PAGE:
Urban Morgan Institute at UC to host Butler Human Rights Medal Award

Distinguished human rights activist, the Honorable Unity Dow, to receive the award.

The Urban Morgan Institute for Human Rights at the University of Cincinnati College of Law is hosting the William J. Butler Human Rights Medal Award at 4:00 p.m., Sat., April 15, 2023, at the college. This event will recognize the inspirational achievements and service in the area of human rights of the Honorable Unity Dow of Botswana. Attendees must register for the event; a registration link is below. Contact Madeline Hellmich at (513) 556-2576 or hellmimm@ucmail.uc.edu for more information.

Schedule of Events

Program: 4:00 - 6:30 pm

Reception: 6:30 - 7:00 pm

Dinner: 7:00 - 9:00 pm

Location: University of Cincinnati College of Law (2925 Campus Green Dr. Cincinnati, Ohio 45221)

About the Honorable Unity Dow

Photo of the Honorable Unity Dow

Hon. Unity Dow

Lawyer, human rights activist, writer, and specially elected member of parliament, the Honorable Unity Dow began her legal career working in the chambers of the Attorney General as a criminal prosecutor in Gaborone, Botswana. After serving in this position for several years, she entered private practice, focusing on criminal law and opening the firm Dow Malakaila, the first all-woman law firm in the country.  Later in 1997, she became the first woman to be appointed as a judge on the country’s High Court, a very distinguished honor. Dow served in this role for 11 years. Coincidentally, she is the only person to have served in all three arms of the Botswana government.

Judge Dow was elected to the National Assembly in 2014 as a special elected member of parliament. She was appointed as an Assistant Minister of Education and then became the Minister of Education and Skills Development. She also worked as Minister of Basic Education, Minister of Infrastructure and Housing Development, and Minister of International Affairs and Cooperation. She has served on numerous international commissions and committees, examining and advising on issues surrounding the human rights of people living in Kenya, Palestine, Rwanda, and Sierra Leone. Finally, she is an author, focusing her work on social and legal issues and their impact on gender and power structures.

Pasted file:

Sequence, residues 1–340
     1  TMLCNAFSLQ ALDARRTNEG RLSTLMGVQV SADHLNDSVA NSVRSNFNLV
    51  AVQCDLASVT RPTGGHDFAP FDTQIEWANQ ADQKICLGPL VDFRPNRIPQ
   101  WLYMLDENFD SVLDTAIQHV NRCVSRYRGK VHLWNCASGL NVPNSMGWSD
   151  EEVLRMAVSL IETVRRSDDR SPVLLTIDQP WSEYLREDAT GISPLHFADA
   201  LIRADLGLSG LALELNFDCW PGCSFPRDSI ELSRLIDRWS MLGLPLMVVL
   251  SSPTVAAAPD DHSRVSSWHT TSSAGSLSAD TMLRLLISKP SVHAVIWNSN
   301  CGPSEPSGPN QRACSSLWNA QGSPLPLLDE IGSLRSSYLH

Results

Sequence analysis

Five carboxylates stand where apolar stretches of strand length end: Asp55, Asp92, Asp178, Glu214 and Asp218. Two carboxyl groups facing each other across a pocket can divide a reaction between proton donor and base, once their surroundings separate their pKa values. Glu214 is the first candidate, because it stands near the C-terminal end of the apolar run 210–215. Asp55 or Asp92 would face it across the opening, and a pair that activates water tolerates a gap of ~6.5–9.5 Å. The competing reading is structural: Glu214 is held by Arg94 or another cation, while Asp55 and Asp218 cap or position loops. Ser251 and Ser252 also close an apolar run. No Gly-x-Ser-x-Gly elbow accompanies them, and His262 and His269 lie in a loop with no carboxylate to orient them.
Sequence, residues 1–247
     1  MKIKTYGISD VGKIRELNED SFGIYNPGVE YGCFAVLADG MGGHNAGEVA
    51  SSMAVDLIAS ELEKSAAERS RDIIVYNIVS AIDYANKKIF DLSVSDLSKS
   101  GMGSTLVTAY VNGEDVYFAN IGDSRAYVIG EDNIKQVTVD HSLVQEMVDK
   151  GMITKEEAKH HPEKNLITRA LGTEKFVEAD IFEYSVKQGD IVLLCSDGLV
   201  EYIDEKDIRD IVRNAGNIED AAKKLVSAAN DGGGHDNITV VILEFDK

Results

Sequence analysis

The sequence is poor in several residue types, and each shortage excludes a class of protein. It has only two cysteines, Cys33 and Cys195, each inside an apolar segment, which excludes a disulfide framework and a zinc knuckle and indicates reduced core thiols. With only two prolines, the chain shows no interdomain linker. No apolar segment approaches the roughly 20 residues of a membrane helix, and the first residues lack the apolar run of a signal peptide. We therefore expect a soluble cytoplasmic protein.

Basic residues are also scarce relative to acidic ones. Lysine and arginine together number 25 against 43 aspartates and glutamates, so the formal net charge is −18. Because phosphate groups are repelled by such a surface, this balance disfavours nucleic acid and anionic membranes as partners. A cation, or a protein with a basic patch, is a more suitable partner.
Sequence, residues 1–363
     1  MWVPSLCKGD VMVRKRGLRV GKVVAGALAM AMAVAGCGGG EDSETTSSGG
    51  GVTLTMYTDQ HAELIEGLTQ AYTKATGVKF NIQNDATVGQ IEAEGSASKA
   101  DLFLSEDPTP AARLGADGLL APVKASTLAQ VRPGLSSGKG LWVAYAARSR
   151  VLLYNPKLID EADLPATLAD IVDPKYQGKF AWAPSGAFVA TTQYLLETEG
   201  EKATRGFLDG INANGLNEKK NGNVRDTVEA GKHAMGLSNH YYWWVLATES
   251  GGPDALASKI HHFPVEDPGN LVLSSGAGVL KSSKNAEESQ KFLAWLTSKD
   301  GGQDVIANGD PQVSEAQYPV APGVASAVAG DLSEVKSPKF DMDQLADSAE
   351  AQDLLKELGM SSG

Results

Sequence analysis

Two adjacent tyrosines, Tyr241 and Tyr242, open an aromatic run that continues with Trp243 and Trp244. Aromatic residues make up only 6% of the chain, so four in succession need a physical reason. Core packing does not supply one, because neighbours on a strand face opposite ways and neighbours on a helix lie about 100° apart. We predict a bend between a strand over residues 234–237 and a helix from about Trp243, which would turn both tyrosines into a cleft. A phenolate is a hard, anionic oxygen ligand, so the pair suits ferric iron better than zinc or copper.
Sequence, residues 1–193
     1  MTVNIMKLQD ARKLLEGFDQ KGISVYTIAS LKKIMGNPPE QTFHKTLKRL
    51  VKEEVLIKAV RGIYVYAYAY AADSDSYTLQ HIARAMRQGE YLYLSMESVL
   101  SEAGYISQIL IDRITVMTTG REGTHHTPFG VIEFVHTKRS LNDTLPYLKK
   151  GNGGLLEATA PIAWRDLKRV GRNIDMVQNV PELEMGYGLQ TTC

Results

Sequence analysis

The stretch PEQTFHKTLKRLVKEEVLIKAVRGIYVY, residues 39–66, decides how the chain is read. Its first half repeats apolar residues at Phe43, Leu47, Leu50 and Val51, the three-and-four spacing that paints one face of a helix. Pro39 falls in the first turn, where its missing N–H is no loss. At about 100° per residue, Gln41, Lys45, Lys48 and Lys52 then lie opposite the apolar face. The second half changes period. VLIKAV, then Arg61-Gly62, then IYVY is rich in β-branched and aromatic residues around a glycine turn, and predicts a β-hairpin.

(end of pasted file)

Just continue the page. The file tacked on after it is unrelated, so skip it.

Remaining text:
Today, Dow, along with her daughters Cheshe (Law’07) and Natasha, operate The Dow Academy, a private daycare, preschool, primary, secondary, and boarding school in the village of Mochudi, Botswana. The educational facility offers an innovative model of integrating and continuously developing technical vocational and life skills alongside a strong academic program. Their vision is to reimagine education to nurture well-rounded global citizens who build sustainable communities. The academy works in partnership with the University of Cincinnati to provide an online coding class to primary (fourth grade) students, building upon the university’s Next Lives Here vision and global outlook. Staff members from UC International and Professor Mohamed Elwakil from UC Blue Ash assist with leading the program. Other initiatives are being planned.

Making history

Dow has been involved in three historic cases in Botswana. In 1990, she was the plaintiff in the landmark case Unity Dow v. Attorney-General, which ended gender discrimination in the nation’s nationality laws that had prohibited children from deriving nationality from their married mothers. The case led to changes that eliminated gender disparity in nationality laws across Africa. In 2006 as the presiding judge in the case of Roy Sesana and Others v. the Government of Botswana, Judge Dow ruled against the government’s actions prohibiting the Basarwa indigenous people from living and hunting on their ancestral lands, forcing them to resettle outside the Central Kalahari Game Reserve. She ruled that the government had to restore basic services, allow the Basarwa to return to the land and obtain hunting permits, and pay damages to those who had been forcibly relocated if they decided not to return. And in 2014, Judge Dow served as legal counsel for LEGABIBO (Lesbians, Gays & Bisexuals of Botswana) in their case to register their organization with the Department of Civil and National Registration. She won the case, receiving a ruling for the government to allow the organization to be registered.

The recipient of numerous awards and honors, she has received the William Brennan Human Rights Award, the Phyllis N. Stern Distinguished Lectureship Award of the International Council on Women’s Health Issues, the Prominent Women in International Law Award of the American Society of International Law’s Women in International Law Interest Group, the Legion of Honour by the French Ambassador to Botswana, and the Global Achievement Award of the Middle East Excellence Award Institute of Dubai.

Judge Dow is a graduate of the University of Botswana and Swaziland and the University of Edinburgh.


Lead photo: courtesy of istockphoto.com; Dow photo: provided.

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